As already outlined, ‘private equity’ as a generic asset class term encompasses a multitude of different investment strategies, including venture capital. However, when used at the investment level there are key differences between private equity and venture capital investments; foremost of which is the maturity of the portfolio companies invested in. Venture capital investments are characterized by providing capital to young, start-up, or early stage businesses that are or have the potential to grow quickly.
VC investments are characterized by iterative rounds of financing with additional capital provided as growth/return on investment is achieved. Private equity investments are typically in larger, more mature businesses with proven financial record. Further differentiating traits include:
– VC investments are higher risk than PE, due to the unproven nature of the businesses invested in.
• Ownership stake
– VC firms typically acquire minority stakes whereas PE firms acquire controlling stakes.
– VC firms normally make pure equity investments whereas PE firms use equity and debt.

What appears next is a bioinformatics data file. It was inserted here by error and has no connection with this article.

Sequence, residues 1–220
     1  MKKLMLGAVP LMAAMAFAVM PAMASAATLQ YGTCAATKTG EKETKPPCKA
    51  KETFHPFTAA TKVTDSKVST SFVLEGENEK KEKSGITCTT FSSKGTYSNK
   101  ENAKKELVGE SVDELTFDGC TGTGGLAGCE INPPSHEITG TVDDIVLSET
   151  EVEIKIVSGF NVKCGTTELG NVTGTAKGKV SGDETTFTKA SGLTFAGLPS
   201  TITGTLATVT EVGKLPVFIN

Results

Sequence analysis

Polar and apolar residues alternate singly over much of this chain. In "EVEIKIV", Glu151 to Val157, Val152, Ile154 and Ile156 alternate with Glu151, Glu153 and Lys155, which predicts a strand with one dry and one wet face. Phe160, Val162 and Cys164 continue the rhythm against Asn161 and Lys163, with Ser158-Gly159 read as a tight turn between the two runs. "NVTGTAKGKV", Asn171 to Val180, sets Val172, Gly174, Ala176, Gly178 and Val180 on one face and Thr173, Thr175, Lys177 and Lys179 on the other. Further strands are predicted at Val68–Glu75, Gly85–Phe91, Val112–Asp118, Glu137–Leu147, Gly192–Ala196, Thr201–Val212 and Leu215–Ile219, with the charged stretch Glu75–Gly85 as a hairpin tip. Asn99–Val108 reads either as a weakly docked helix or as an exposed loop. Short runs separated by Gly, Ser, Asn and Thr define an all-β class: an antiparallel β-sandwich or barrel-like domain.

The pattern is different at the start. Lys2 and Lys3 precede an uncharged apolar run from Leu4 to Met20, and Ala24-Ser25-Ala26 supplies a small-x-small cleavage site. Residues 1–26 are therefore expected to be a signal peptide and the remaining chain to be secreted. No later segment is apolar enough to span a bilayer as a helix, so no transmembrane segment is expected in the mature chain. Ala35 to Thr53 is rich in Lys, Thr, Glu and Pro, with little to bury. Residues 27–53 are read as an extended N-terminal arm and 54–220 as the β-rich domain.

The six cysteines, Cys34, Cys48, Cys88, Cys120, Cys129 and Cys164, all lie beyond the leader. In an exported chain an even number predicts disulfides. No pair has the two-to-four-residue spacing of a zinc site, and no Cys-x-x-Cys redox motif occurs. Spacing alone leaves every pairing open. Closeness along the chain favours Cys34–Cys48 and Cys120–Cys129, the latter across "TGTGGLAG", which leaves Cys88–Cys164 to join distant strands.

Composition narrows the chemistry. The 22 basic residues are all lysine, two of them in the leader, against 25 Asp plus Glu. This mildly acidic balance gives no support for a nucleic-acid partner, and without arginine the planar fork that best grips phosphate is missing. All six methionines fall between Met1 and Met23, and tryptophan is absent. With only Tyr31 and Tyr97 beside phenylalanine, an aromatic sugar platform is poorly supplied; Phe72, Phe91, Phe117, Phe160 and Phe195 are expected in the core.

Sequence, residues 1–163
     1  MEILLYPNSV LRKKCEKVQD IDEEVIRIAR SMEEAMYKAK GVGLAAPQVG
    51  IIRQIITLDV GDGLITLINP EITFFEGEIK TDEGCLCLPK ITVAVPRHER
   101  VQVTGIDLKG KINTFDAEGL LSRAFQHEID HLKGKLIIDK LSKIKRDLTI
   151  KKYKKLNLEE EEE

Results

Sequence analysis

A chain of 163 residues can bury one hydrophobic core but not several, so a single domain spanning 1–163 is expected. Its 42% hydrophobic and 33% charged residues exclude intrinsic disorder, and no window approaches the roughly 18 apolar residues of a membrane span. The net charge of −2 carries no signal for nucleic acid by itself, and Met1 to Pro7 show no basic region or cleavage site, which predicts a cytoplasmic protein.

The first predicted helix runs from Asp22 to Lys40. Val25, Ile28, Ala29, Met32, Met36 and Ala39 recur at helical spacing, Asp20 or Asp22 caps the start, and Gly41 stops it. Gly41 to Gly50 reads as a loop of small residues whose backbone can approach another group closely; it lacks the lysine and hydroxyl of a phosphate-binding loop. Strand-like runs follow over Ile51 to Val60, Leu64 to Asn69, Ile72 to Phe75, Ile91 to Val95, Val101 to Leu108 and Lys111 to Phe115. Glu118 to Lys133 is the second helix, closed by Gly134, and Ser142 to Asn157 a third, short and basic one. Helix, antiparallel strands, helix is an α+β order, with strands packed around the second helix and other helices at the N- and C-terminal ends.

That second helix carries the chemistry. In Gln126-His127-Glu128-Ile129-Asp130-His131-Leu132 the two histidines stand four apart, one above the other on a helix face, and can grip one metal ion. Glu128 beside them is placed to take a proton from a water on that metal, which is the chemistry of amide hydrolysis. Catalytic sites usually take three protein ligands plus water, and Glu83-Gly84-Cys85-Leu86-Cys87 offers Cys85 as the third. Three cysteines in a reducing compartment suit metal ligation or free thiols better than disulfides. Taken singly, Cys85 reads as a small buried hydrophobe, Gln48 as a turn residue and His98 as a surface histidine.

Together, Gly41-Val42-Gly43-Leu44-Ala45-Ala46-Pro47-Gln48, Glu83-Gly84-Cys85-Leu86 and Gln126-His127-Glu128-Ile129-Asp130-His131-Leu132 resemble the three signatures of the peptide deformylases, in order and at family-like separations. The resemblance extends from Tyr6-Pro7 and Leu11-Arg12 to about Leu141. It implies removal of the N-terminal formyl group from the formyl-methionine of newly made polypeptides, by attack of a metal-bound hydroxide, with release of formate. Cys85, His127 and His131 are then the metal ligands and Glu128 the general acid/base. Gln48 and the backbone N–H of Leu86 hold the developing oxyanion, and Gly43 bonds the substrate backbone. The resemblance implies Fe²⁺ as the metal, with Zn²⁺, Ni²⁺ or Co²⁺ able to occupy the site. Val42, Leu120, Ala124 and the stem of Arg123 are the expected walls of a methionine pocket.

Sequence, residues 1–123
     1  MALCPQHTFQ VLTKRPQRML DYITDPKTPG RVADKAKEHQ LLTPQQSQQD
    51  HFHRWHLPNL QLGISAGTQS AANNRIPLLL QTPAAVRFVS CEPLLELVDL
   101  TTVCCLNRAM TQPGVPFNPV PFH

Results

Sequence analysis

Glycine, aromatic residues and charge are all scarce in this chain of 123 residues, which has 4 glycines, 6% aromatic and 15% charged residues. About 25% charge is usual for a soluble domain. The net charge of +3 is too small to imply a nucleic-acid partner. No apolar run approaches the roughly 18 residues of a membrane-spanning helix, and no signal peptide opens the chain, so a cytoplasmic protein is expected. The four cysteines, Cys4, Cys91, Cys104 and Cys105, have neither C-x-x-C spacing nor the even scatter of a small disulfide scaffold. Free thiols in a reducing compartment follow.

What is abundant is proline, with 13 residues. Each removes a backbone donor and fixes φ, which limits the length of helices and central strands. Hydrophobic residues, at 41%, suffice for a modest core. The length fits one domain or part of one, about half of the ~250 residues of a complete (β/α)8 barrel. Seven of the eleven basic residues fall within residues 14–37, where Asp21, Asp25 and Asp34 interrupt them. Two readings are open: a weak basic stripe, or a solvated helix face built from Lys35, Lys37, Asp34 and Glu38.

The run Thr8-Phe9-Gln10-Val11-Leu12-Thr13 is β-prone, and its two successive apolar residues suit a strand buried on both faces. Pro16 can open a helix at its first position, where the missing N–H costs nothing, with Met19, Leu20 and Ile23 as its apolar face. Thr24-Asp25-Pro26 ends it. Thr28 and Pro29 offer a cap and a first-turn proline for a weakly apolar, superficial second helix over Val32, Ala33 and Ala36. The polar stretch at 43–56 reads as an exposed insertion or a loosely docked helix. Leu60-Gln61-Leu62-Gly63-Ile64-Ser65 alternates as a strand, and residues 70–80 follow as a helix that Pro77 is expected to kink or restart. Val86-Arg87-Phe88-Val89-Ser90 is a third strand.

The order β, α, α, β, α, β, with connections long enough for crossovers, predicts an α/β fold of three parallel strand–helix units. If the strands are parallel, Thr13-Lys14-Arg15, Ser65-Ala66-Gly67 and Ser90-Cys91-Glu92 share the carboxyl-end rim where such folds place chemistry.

• Investment amount
– PE investments are typically larger than VC investments as they acquire greater ownership stakes and are in more mature businesses.
• Value creation
– VC investments rely on company growth and valuation of the business increasing, whereas PE investments rely on both growth and financial engineering including multiple expansion, debt settlement, cash generation, and so on.
As the industry has grown and firms have broadened their offerings for investors, lines have blurred. Some VC firms have moved into expansion and growth areas, and some firms also provide debt financing (venture debt) to pre-revenue companies. Some traditional PE firms are also moving down the chain, raising dedicated funds focused on early-stage start-up investments.